Whole Software

Sarah Lacy

What do organic food and open source software have in common? It's not a lame riddle--believe it or not, they share quite a bit. On a flight back to San Francisco this weekend, I was catching up on past magazine reading, when I was struck by an article in the May 15 issue of the New Yorker, called "Paradise Sold," about the coming of age of the Organic Food industry. The premise being, now that organic food has become a big national business with big chains like Whole Foods pushing it, has it sold its idealistic, hippy soul?

You could have substituted "organic food" with "open source software" and basically hit on the tug of war going on within the open source world now that bankers, venture capitalists and mainstream entrepreneurs are flooding in.

Whenever I write about the advancement of open source I get a smattering of emails complaining that the movement is getting tainted by too many commercial interests. They're wary of the true motives of Sun Microsystems, Oracle Corp-- even the oft-noted friend to open source IBM. Most leaders of the open source world--including Linus Torvalds himself-- don't go that far. But it has always seemed to me there's a delicate balance between prizing the ethos of the open source collaborative spirit and setting up a corporate entity that will always have a stronger fiduciary duty to shareholders. It all goes well when a market is hot, but what if this supposed open source bubble crashes and companies have to pick their allegiances?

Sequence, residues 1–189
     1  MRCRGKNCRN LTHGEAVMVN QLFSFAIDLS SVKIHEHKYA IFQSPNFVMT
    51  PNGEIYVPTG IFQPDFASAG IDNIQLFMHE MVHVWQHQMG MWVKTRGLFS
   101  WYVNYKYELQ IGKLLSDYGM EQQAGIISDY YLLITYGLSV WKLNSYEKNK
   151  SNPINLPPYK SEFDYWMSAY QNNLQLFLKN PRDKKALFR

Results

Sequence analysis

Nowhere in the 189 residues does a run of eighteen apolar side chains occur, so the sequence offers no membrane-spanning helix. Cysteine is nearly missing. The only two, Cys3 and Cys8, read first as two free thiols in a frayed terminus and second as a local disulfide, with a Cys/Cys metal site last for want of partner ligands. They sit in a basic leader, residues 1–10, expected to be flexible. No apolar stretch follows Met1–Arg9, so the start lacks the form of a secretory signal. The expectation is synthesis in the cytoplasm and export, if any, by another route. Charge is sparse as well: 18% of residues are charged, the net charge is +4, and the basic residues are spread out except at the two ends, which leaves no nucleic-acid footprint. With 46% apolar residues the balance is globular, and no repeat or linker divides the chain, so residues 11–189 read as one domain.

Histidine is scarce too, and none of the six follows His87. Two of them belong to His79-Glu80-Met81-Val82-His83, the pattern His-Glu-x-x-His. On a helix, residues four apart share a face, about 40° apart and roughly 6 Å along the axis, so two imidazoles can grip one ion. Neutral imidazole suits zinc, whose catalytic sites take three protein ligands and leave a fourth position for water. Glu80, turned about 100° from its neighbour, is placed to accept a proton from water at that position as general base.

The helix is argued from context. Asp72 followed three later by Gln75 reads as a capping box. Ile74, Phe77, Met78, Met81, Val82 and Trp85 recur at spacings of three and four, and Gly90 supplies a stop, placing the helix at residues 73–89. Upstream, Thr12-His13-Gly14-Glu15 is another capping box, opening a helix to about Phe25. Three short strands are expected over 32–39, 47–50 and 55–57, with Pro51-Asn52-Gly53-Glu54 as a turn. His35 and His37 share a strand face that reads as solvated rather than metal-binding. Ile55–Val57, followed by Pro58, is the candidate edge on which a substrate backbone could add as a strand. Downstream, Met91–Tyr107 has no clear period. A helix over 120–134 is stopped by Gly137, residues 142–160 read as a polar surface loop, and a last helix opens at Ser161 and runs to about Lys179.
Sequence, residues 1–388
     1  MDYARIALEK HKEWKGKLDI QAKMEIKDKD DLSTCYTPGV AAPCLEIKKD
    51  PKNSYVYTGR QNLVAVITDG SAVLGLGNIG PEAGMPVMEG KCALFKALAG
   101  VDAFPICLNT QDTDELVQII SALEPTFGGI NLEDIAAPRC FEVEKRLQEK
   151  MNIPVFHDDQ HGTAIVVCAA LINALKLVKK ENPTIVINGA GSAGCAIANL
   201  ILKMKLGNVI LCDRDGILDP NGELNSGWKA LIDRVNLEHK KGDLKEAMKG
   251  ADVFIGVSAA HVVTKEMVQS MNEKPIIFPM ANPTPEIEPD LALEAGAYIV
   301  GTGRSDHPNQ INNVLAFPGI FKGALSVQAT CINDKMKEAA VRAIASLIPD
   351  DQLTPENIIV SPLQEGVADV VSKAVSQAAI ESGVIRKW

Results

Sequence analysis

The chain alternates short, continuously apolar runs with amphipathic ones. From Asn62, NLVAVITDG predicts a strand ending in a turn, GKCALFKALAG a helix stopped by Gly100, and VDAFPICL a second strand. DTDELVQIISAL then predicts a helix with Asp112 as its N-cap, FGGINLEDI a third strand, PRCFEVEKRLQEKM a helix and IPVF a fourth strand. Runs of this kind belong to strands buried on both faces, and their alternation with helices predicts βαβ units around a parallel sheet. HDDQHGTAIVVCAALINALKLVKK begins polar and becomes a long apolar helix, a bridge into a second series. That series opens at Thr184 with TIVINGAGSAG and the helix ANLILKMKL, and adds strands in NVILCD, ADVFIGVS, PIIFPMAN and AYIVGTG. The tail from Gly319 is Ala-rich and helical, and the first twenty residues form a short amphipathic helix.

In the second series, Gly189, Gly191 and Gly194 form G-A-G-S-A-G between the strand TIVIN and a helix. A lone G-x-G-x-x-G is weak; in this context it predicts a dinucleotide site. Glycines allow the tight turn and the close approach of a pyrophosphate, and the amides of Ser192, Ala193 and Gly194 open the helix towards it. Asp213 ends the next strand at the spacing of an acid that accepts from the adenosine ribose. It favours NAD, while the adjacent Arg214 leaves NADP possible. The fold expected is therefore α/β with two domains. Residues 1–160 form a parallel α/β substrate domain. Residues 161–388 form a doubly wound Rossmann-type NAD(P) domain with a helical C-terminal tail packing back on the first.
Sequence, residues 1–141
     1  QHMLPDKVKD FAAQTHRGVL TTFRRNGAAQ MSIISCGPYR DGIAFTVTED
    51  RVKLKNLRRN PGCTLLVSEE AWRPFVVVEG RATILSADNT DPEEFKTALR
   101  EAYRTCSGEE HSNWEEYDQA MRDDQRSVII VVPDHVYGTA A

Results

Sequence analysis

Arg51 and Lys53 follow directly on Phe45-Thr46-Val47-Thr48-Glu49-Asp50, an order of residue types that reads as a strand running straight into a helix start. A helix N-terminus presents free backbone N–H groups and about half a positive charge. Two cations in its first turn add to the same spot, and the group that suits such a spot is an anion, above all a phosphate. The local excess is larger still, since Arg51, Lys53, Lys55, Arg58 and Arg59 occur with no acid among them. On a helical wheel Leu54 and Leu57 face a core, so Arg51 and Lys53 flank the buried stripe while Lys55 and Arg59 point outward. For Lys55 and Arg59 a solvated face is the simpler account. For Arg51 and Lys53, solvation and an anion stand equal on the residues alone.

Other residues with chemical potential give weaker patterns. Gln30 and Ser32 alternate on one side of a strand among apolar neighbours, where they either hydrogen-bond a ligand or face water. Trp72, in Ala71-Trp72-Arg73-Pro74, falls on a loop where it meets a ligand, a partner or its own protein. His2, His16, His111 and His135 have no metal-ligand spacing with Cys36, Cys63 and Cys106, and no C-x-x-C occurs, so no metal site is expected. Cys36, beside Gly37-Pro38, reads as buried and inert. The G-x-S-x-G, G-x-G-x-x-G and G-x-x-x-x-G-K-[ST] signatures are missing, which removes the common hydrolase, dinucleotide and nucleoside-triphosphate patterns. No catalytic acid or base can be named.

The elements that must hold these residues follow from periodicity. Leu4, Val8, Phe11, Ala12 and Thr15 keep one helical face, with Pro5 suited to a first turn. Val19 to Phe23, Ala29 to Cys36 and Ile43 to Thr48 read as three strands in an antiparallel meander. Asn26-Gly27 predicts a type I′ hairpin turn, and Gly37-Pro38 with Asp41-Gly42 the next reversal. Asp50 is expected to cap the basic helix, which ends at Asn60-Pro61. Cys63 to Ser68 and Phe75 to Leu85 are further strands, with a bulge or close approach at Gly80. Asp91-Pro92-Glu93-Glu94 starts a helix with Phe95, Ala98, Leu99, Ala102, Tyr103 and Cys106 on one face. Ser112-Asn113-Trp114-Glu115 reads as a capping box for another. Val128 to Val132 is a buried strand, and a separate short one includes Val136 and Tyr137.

The New Yorker article was ultimately arguing the same point. Organic used to imply you were buying from your local farmer. The article contrasted that with Earthbound Farm, a $450 million company that grows organic vegetables. It doesn't use pesticides or chemicals and even its tractors use biodiesel fuel. But because it's a national company it uses the same polluting supply chain of any other food grower. Companies like these, while still fitting under the organic description, have embraced capitalism.

Still, I came away cutting companies like Earthbound Farm some slack. There's such thing as the greater good and at some point cost and convenience have to factor in for the most people possible to get better--if not perfect--food. I'd rather eat meat not injected with hormones and lettuce not grown amid pesticides. Maybe I can't pluck it right from the farm, maybe the free range chickens only walk around 30 minutes a day, but Whole Foods or Trader Joes seems a heck of a lot better than the alternative.

So maybe I've been too harsh on the commercialization of open source? If it's better--not perfect-- software does that make up for the necessary change in motives that accompanies big business?

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